Tuesday, January 17, 2012


It's amazing how quickly we become dependent on something, isn't it? 

Take this as an example:  I grew up when card catalogs were still being used in libraries.  I remember being taught how to use the filing system.  When there was something I wanted to find out about, I got my parents to drive me to the library and found my information in a book that was likely older than I was.  Even when the library upgraded to computer filing, I didn't know the half of it.

Now I live in the information age.  Google is a way of life.  I can type "barnevelder" or "black copper marans."  I can type "home remedy sore throat" or "green tomato jam."  I can read about politics, past Presidents, or Roman Senators.  The information (and input from millions) comes to my fingertips instantly, without even having to stand up, let alone leave my home.  I can find phone numbers in cities I've never heard of (let alone know anyone who had a telephone book for).  Heck, I can even write this blog and save it on someone else's server until I'm ready to hit publish.  For those of you that are curious, here are pics--and they took just seconds to find.

Double-laced Barnevelder hens, photo from Wikipedia

Marans eggs, photo also from Wikipedia

So you'll understand why I felt like my right arm was cut off last night.  Apparently a major accident had severed our Internet provider's cable.  (And yes, my prayers go out to the families of those involved).  They had to wait until the police had finished with the scene to begin repairs, and I just couldn't stay up till 2 AM.

Suddenly I was without my information feed.  Every optimistic reload ended in disappointment.  Every single thing I've ever wanted to look up in my LIFE ran through my head and made my fingers tingle in frustration.  I felt like an addict getting the shakes for their next fix.  Luckily service was restored this morning (thank you techs!) and I could reconnect with my life/info line.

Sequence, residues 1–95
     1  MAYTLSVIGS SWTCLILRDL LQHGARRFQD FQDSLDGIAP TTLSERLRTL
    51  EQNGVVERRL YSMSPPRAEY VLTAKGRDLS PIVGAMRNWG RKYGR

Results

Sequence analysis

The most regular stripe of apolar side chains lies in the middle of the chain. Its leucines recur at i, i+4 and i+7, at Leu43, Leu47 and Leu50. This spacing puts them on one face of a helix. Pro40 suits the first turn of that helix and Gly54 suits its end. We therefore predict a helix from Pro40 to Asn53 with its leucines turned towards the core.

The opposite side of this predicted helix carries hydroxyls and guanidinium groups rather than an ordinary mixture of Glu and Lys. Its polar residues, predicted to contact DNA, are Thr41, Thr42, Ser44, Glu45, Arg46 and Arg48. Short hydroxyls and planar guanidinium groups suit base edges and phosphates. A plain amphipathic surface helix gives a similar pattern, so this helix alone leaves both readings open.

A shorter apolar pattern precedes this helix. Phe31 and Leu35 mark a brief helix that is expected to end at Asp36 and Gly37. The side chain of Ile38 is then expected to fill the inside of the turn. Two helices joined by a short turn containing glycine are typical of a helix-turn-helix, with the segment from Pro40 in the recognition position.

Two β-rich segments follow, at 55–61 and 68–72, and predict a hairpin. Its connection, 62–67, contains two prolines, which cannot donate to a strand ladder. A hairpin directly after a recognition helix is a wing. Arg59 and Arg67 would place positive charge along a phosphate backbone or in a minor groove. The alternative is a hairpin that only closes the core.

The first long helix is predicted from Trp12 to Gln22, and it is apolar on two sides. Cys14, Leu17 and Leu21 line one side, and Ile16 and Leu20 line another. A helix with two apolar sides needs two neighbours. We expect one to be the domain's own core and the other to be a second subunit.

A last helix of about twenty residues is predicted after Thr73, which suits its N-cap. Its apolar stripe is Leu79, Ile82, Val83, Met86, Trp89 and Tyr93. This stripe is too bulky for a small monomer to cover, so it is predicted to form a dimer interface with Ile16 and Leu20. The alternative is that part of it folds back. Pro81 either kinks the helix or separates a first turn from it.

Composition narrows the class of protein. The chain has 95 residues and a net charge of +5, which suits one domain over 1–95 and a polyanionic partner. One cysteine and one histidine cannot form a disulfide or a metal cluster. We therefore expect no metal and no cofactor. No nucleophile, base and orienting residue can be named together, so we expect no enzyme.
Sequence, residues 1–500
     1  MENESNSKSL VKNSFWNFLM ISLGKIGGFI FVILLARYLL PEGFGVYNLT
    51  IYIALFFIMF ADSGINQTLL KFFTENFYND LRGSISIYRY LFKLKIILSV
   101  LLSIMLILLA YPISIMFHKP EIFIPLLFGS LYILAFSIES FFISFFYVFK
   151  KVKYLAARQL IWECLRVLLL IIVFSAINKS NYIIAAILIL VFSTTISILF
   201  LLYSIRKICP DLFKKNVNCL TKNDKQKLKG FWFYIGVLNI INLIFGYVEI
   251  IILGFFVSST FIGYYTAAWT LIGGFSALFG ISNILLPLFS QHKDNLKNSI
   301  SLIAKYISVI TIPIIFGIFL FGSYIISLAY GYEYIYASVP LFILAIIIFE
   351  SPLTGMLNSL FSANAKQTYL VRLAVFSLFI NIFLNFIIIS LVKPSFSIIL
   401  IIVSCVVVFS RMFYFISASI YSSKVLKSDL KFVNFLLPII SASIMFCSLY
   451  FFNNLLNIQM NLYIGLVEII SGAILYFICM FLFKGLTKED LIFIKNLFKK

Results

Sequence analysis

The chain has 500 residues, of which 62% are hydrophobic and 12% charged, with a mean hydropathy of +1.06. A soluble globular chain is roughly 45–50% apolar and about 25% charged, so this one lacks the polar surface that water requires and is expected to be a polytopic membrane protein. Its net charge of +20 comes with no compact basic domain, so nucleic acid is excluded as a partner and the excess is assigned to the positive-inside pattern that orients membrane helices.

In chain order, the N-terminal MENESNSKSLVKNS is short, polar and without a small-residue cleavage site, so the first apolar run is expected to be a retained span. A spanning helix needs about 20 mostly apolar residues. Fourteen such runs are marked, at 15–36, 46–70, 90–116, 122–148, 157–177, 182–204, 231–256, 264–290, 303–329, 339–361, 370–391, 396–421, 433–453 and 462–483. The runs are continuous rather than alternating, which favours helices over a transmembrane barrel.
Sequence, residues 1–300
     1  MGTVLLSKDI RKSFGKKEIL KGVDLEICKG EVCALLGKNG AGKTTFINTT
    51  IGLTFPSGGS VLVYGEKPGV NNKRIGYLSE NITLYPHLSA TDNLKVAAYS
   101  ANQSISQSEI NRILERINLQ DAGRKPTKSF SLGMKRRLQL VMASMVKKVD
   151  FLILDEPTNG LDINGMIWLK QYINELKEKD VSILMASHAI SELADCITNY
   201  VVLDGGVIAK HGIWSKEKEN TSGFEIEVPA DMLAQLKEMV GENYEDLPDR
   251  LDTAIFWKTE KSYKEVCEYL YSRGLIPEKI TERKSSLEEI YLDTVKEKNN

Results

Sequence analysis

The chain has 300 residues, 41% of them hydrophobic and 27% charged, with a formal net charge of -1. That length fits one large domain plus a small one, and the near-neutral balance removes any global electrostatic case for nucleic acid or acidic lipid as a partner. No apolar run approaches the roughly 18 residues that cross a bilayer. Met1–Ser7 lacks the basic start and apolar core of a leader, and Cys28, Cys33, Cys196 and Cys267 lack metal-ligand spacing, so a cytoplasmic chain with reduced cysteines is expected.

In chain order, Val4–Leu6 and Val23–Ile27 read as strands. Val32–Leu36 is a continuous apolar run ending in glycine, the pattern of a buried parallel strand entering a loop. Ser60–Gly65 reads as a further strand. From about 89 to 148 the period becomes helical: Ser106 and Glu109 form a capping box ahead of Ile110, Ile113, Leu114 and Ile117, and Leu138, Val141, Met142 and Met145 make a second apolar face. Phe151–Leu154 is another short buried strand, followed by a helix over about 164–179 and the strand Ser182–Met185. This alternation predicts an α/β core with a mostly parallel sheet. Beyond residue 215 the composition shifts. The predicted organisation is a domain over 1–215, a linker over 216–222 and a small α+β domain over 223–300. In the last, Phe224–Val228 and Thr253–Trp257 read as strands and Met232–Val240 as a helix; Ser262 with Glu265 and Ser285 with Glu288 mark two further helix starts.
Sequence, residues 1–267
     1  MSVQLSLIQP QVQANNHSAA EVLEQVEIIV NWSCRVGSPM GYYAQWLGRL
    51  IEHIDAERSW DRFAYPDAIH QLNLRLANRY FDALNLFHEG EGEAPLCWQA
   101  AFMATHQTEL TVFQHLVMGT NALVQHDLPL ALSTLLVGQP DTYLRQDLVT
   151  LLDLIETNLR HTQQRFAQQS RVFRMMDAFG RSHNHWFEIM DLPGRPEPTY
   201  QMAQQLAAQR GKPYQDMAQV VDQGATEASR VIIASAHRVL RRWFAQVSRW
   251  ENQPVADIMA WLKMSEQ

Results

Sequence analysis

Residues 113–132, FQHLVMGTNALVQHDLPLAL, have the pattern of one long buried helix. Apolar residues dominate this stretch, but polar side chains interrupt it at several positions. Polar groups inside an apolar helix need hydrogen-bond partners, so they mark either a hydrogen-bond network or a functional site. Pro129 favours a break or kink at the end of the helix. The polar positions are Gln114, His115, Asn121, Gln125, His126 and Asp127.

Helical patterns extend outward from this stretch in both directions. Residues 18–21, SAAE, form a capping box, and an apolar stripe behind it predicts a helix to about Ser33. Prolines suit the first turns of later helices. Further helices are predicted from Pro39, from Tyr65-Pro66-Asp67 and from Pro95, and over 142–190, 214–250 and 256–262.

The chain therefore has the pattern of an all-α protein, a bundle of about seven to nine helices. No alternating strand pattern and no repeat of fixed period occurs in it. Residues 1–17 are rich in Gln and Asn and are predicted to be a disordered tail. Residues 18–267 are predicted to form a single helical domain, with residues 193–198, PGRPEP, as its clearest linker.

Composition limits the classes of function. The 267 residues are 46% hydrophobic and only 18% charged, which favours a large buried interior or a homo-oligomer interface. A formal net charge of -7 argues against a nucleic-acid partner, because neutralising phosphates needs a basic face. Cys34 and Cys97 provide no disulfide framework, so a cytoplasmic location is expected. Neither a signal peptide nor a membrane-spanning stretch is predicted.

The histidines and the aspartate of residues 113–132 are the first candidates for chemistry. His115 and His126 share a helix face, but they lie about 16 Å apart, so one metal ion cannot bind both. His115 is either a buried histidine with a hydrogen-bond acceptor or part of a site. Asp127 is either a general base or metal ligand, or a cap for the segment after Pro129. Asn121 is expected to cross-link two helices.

We also become dependent on our families and our friends.  We depend on them to support us, yet be honest with us.  We depend on them to be who they say they are, and actually depend on them to expect and hold US to the standard of being who we say we are. 

We depend on our pets.  How often have you taken your pet for granted just because they're there?  How often do they give you that comfort you yourself didn't even know you needed?  I even depend on my chickens--I know that, no matter how stressed I get otherwise, I can always go out to the coop for some peaceful clucking and possible feathery snuggles.  Ditto the horses, without the clucking and feathers.  (Of course, I keep trying to talk Scott into letting me have a Shire.  That way, I'd have the horse AND the feathers.  The cussed man keeps saying NO.  With a capital NO.) 

Just because I can, here's a pic of a Shire like I keep asking for.

We are so used to living in the information age and taking things (and people) for granted that we forget that it's sometimes good to just slow down and appreciate, rather than rushing on to the next search, the next job, the next, the next, the next.  Folks, please take a moment to appreciate the people, animals, and even inanimate objects you depend on.  (for me, I have a favorite rock that I have to almost caress on the way up from the cellar, but I appreciate it for its solidity, placement, and permanence.  It helps to literally ground me.)  Everyone has to depend on someone, even if they don't think they are doing so.  Everyone has someone who depends on them, whether they know it or not. 
Mitakuye Oyasin.  We are all related.

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